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band saw blades. do not buy SuperCut blades...

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Forum topic by David Milton posted 01-28-2014 01:54 AM 2100 views 0 times favorited 6 replies Add to Favorites Watch
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David Milton

29 posts in 1167 days


01-28-2014 01:54 AM

Topic tags/keywords: blade bad product tip bandsaw

i have tried a number of bandsaw blades, since begining my wood working addiction. while i have had simple problems, such as sloppy cuts, or easy warping of blade, i have never had a blade break on me. i recently purchased a blade from my local woodworkers network shop. the blade is made by a company called SuperCut. the thing that made me happy about buying this blade was the stamp that says “Made In U.S.A.”. which i try to buy just about everything from this country. but when i started to take the blade out of the blister pack, and removing the two zipties that hold it in a triple coil, i realized that the ziptie was holding the blade together where it had broken. i didnt really think anything of it, other than the fact that bad luck hits everyone once in a while. the great people at the woodworkers network had no qualms with letting me return it, and get a replacement. however, i took the new blade home, and made 5 cuts, and it snapped. it isnt because i tightened the tensioner too much or not enough, i have been using the same delta 7” band saw for a long time, with many different blades, and am quite familiar. it isnt because i was trying to cut a piece of wood that was too thick, (only 1 1/2” thick). it is because this company clearly makes an inferior product, and should not be bought by anybody. just thought you should know, before you go and buy a SuperCut blade without knowing what a low quality product it is. and it isnt even any cheaper than a run of the mill blade. haha, run of the mill. kinda funny little joke there.

-- David Milton colville washington norwoodorigins@gmail.com


6 replies so far

View Jim Finn's profile

Jim Finn

2408 posts in 2383 days


#1 posted 08-28-2016 12:47 AM

I have been using their blades for years and find them to be excellent blades. I have never broken one.

-- "You may have your PHD but I have my GED and my DD 214"

View nightguy's profile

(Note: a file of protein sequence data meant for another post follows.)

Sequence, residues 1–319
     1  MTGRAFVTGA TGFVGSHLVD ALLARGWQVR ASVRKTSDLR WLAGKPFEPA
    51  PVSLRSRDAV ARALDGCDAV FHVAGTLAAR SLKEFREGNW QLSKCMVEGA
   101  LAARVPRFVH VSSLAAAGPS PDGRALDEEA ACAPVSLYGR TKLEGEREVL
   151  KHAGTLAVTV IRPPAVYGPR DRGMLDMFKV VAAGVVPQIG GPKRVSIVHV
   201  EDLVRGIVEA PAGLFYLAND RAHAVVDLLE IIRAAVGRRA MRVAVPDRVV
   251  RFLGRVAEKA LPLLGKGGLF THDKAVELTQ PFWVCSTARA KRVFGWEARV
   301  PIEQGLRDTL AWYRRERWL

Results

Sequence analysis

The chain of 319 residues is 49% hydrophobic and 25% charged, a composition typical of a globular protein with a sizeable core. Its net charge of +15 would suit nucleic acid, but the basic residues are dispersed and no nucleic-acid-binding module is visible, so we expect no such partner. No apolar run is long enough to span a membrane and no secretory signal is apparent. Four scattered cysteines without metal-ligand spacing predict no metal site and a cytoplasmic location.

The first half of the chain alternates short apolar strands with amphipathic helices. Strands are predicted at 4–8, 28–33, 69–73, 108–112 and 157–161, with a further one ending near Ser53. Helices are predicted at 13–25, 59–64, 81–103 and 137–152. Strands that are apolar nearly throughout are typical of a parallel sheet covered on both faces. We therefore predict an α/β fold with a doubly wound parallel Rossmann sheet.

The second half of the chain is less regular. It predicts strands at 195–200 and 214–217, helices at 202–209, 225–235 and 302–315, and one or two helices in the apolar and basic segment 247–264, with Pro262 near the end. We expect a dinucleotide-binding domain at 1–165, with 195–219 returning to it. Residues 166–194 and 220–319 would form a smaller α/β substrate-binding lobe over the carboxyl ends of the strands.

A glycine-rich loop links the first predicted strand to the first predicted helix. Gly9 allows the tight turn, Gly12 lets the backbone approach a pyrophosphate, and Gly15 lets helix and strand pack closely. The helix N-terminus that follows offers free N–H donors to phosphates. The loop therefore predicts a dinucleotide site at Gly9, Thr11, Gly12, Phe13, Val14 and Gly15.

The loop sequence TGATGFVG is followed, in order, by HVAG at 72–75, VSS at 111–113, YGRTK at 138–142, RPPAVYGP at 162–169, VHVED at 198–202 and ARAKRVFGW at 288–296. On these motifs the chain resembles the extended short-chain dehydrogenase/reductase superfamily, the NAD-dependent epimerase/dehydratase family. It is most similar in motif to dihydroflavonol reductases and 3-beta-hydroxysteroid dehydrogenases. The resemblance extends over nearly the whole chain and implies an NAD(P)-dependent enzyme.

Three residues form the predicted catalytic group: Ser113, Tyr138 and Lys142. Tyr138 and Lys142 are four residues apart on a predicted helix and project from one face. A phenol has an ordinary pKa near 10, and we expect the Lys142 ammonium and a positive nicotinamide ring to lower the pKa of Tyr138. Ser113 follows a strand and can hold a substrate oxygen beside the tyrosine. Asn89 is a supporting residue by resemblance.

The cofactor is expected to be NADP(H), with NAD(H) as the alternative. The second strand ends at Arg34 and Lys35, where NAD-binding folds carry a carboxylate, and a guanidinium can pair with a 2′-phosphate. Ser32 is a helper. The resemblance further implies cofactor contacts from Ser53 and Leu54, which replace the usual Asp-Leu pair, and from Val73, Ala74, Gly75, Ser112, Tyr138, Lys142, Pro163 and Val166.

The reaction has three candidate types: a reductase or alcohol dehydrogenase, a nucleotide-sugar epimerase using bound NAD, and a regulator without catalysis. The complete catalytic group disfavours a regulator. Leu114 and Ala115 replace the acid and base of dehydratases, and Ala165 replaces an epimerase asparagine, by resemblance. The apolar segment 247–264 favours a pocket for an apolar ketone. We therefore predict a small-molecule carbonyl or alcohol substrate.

nightguy

213 posts in 123 days


#2 posted 08-28-2016 01:08 AM

David Milton, I guess you are a metallurgist or a competent QA Engineer to make that statement? “it is because this company clearly makes an inferior product, and should not be bought by anybody. just thought you should know, before you go and buy a SuperCut blade without knowing what a low quality product it is. and it isnt even any cheaper than a run of the mill blade. haha, run of the mill. kinda funny little joke there.”

View ColonelTravis's profile

ColonelTravis

1189 posts in 1355 days


#3 posted 08-28-2016 01:22 AM

I just did a very brief review on Timberwolf, which I refuse to buy any more because I’ve gotten two bad welds in a row. Someone recommended SuperCut. There are several choices, anyone have anything to say about any of these?

Carbon Tool Steel Blades: Hard Tooth Flex Back
Premium Bimetal Blades: M2 High Speed Cutting Teeth
Hawc Pro Resaw Blades: High Performance All-Around Resaw Blades
WoodSaver Carbide Resaw Blades: Carbide Impregnated Teeth, Thin Kerf Resaw Blades
Premium Gold Carbide Blades: Carbide Impregnated Teeth, Professional Duty Blades
“The Three Wheeler” Blades: Hard Tooth Flex Back for 2 & 3 Wheel Tabletop Band Saws
Meat Saw Blades: Precision Ground, Heat-Treated Teeth

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Jim Finn

2408 posts in 2383 days


#4 posted 08-28-2016 12:23 PM

I use the “premium gold carbide impregnated blades for re-sawing. They well out last woodslicer blades and are a little cheaper. I have also used their 3/16” blades for making band saw boxes. All work well, for me, on my 14” band saw.

-- "You may have your PHD but I have my GED and my DD 214"

View joey502's profile

joey502

487 posts in 979 days


#5 posted 08-28-2016 04:49 PM

Starret blades are my preference, 1/2” 3 tpi. I order them 5 at a time from a shop in NC. I do change the blades often, when the cut quality goes i switch blades. They are inexpensive enough that cost does not make me want to keep using something i should not.

View MrRon's profile

MrRon

3926 posts in 2704 days


#6 posted 08-28-2016 06:01 PM

I too use Starrett blades. Their woodworking line of blades go under the name “Woodpecker”. The blades are welded so well, you can’t see where it was joined. I use the same blades to cut aluminum with no problems what-so-ever. I highly recommend them.

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